There is an ancient enlightenment teaching from the East regarding the importance of concentrating the mind in the present moment as opposed to the past or the future. In this pose, inner peace is found as opposed to the turmoil of worry or remorse. Acceptance of the present moment is a key to liberation from suffering. Developing the skill of resting the mind in the stillness of the present is counseled for spiritual practice.
Enlightenment teachers today have developed these insights into spirituality into a totalizing, absolutistic teaching which is supposed to be self-sufficient for virtually every need and situation. If you suffer, it’s because you’re not experiencing the Be Here Now or Power of Now or something like that. It’s hard to argue with the wisdom of avoiding unnecessary inner conflict and being aware of the present moment, but I am certain that these teachings are too good to be true.
Consider the fact that only a small fraction of the human population – far less than 1 percent – is seemingly capable of sustaining a permanent focus on the present moment such that they do not need to pay attention to the past or future. It is wise to question if it is possible at all for anyone, though I imagine that if gurus are able to have followers take care of the “mundane” details of life for themselves, or if they can live self-sufficiently in a cave somewhere, then it is conceivable that they could rest in the present moment constantly. And they could also make themselves virtually irrelevant to the goings on of “mundane” humanity.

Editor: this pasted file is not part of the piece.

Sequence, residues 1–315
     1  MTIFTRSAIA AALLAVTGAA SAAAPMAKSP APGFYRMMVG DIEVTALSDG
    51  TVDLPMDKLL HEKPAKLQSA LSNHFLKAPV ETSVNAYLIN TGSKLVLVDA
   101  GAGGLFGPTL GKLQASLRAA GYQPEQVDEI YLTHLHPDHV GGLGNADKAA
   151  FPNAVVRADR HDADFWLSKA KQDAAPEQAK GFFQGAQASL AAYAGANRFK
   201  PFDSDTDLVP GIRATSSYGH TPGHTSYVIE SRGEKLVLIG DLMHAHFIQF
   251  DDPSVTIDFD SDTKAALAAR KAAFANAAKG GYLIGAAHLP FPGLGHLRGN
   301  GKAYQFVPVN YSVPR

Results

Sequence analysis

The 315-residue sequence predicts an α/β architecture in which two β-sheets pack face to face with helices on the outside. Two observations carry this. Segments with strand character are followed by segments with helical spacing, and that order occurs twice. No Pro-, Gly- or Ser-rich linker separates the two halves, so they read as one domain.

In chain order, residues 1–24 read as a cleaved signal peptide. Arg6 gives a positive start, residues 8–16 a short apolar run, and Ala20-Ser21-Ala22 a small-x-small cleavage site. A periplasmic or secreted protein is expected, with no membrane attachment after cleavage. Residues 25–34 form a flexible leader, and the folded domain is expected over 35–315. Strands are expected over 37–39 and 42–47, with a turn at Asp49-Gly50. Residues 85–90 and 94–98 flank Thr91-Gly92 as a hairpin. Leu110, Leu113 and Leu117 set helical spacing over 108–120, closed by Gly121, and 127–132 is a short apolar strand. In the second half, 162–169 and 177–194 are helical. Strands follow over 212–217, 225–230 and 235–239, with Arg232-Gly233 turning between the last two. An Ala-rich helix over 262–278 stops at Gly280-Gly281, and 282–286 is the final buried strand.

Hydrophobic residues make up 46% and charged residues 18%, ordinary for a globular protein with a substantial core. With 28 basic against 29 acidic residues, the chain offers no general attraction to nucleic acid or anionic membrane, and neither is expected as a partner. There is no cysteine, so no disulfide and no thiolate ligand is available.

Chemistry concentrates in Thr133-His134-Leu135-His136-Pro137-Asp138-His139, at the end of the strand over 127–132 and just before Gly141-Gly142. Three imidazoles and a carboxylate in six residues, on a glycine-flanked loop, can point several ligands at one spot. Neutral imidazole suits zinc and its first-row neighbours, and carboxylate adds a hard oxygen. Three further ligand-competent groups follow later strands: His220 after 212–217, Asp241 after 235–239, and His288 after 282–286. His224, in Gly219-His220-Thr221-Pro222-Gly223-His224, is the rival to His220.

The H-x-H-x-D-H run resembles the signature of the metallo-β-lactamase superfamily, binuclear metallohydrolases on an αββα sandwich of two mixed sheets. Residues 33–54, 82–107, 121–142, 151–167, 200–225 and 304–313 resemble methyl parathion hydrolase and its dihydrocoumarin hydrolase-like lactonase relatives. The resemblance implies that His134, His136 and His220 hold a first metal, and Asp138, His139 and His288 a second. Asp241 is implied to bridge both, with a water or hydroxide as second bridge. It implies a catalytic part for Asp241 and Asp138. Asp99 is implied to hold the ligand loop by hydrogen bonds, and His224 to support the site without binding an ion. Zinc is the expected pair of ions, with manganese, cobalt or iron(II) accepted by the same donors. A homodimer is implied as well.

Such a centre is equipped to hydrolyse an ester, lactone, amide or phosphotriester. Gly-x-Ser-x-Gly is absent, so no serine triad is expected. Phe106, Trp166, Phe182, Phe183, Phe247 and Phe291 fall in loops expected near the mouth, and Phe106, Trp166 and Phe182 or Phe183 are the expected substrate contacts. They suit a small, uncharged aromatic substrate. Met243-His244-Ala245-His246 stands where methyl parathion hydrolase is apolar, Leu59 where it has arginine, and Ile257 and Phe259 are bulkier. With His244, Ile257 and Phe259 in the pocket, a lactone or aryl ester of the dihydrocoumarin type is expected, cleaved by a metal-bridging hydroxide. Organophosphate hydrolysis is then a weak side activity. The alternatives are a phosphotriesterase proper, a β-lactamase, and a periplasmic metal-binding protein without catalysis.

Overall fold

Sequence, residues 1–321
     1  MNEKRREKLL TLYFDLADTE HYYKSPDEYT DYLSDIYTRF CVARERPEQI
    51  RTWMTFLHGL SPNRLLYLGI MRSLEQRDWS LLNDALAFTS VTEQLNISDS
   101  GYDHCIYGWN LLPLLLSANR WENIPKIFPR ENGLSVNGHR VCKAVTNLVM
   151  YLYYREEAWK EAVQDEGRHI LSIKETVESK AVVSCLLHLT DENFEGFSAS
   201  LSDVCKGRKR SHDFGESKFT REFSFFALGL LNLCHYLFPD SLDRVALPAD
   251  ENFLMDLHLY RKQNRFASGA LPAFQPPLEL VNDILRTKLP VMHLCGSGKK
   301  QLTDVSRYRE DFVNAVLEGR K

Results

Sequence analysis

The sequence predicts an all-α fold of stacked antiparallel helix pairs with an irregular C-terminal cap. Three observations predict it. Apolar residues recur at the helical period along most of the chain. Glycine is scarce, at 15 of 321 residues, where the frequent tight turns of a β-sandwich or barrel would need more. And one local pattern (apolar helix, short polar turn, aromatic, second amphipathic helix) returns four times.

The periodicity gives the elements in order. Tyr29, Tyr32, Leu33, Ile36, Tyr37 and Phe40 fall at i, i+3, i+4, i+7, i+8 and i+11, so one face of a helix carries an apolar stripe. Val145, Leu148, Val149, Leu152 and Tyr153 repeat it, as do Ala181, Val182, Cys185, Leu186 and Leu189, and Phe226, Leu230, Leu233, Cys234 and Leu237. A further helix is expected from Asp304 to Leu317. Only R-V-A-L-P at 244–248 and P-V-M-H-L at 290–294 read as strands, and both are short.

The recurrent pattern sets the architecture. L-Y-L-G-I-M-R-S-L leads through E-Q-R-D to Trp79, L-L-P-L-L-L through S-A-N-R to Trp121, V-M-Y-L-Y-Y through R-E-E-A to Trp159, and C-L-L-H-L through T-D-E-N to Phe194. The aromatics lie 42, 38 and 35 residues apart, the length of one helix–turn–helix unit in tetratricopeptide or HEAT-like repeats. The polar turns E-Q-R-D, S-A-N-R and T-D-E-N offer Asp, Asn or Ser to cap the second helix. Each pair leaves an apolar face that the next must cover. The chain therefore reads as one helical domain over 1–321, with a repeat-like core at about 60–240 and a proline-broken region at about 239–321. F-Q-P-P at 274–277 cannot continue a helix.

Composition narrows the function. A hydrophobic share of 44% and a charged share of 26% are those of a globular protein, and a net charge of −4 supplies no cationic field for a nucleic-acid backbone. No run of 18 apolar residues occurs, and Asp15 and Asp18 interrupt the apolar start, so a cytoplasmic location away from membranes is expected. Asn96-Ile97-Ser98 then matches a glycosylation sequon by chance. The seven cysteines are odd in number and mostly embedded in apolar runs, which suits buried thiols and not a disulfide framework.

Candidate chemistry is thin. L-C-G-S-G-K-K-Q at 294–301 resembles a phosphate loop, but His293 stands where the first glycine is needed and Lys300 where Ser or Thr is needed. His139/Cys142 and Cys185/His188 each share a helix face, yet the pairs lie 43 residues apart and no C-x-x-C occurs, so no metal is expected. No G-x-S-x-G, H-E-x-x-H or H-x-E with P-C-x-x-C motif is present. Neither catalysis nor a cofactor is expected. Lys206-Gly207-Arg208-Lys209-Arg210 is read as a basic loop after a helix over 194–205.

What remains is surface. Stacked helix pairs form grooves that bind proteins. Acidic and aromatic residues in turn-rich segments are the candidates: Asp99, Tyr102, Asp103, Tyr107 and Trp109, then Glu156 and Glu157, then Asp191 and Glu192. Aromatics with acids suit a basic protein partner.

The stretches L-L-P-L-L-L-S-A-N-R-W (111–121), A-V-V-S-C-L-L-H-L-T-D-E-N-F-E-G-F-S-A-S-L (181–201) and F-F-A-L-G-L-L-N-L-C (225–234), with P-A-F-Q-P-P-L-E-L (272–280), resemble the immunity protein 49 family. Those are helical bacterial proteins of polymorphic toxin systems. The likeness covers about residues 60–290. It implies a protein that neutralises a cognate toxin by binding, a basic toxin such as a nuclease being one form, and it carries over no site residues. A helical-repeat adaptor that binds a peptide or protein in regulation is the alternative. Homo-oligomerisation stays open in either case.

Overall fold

The Power of Now and other teachings which concentrate on the importance of “staying present” ought to be regarded as spiritual technologies, not absolutistic worldviews as they are sometimes presented or held to be. As a technology, I believe these teaching has the ability to generate positive spiritual growth and create more fulfilling and well-balanced lives if it is put into use. It also helps in the attainment of enlightenment, I think, though it is difficult to support this claim without a longer discussion.
So I would urge a practice of remaining awake and aware during the present moment as a matter of good spiritual hygiene, for all the reasons that have been pointed out by the proponents of the Here and Now technology. What needs to be avoided is the oversimplification of the spiritual life by making this teaching the totality of one’s spiritual practice. For all but a very few, that would be a serious mistake.